Air Berlin clashes with BFU over diverted 737's fuel situation

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German investigators are preparing a response to extraordinary criticism from Air Berlin following an incident involving a Boeing 737-800's diversion to Chania in Crete.

The aircraft, operating flight AB2242, had been bound for Heraklion from Munich on 21 September 2012. It executed a go-around at Heraklion and diverted to Chania.

German air accident investigation authority BFU, in a September bulletin, says that - following a hold and then the go-around - crew declared an emergency but states that the aircraft's fuel reserves fell below the "minimum allowable".

It has not clarified whether this refers to final reserve fuel level, the minimum quantity which must legally remain in the fuel tank upon landing.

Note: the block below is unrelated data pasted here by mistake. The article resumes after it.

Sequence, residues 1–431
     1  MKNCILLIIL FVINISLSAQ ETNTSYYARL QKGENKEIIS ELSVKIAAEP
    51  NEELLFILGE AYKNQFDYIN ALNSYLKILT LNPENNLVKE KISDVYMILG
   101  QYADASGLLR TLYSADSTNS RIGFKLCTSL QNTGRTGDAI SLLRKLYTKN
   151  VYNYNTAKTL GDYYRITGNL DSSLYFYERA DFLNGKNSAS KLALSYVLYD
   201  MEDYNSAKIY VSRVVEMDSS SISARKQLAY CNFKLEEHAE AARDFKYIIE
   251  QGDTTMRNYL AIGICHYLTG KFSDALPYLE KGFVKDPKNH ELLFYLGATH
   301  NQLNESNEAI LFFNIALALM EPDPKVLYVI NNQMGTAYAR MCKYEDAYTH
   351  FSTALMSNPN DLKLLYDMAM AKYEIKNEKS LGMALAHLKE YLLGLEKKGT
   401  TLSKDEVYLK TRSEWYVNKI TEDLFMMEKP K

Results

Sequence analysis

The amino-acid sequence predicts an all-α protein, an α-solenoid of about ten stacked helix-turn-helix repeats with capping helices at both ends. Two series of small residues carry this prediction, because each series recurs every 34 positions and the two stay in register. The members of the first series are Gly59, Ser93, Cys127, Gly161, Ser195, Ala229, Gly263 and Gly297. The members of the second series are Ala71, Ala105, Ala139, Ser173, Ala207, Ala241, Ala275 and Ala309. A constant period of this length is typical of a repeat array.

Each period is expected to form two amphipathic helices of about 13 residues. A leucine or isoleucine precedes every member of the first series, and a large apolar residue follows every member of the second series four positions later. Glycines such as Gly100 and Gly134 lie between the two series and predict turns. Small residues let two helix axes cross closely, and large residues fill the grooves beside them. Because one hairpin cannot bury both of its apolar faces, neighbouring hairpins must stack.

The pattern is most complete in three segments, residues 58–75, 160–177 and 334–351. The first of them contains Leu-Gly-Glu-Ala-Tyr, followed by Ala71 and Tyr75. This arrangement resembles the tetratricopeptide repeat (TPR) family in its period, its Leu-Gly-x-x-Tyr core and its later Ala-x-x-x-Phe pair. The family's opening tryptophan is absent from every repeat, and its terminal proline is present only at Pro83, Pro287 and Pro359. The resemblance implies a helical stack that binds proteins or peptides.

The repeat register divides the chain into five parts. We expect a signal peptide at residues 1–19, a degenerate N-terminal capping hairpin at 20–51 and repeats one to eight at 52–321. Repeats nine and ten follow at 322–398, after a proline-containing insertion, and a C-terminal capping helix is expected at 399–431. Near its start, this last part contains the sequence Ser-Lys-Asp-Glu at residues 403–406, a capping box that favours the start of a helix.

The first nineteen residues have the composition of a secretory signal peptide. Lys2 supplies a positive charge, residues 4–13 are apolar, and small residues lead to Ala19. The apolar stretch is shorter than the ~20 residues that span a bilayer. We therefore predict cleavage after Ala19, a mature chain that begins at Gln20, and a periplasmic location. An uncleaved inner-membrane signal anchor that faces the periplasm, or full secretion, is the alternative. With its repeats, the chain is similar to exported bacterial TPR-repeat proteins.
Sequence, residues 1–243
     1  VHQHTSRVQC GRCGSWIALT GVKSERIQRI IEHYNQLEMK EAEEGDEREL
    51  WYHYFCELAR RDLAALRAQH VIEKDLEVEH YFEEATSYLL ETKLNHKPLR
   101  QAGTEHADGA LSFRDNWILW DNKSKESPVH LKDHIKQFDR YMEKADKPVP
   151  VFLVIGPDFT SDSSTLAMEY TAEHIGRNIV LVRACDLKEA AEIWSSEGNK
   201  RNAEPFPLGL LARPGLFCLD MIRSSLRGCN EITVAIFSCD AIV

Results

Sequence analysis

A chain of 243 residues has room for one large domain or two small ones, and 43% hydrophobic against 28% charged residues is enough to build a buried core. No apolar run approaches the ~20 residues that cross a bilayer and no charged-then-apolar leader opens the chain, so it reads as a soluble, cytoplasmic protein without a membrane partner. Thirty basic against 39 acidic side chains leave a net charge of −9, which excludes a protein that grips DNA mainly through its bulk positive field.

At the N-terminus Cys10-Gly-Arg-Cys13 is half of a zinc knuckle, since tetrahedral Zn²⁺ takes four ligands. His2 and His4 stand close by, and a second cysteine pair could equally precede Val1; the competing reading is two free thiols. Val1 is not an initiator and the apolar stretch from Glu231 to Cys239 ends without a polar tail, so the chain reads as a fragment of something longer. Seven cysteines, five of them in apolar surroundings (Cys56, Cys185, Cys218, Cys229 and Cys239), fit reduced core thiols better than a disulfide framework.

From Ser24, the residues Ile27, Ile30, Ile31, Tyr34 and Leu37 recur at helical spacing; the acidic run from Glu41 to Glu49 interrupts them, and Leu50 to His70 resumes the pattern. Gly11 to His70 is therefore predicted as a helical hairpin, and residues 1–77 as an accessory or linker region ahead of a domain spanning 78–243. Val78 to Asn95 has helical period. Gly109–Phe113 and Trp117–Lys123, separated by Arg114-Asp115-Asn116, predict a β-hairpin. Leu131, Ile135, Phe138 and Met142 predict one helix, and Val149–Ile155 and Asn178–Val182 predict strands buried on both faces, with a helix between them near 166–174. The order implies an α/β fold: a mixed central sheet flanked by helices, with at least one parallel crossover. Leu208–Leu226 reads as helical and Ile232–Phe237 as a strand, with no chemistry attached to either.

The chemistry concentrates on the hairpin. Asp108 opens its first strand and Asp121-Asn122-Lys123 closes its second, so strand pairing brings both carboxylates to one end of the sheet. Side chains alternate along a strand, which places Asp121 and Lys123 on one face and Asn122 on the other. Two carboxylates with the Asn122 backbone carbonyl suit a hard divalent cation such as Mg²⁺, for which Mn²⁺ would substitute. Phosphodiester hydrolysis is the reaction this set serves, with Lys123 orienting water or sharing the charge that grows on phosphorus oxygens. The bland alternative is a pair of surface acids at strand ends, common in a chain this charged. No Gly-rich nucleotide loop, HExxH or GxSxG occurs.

Air Berlin says that, "contrary" to the BFU bulletin, the fuel level on the 737 was "always over the legally-required limit".

"Even after the safe landing in Chania, fuel levels were still sufficient, meaning more than the legally-specified fuel reserves were present," it says.

Air Berlin says the crew declared an emergency en route to Chania as "purely a matter of precaution" to avoid delays at the diversion airport.

The airline insists that internal analysis of the incident shows the fuel uplift for the aircraft was "in accordance" with European legal requirements and that the carrier acted in accordance with regulations.

"In many areas the depiction in the BFU bulletin...does not correspond with the facts," it adds.

BFU says its investigators are aware of the airline's claims and that the authority is to discuss the incident during its regular conference today.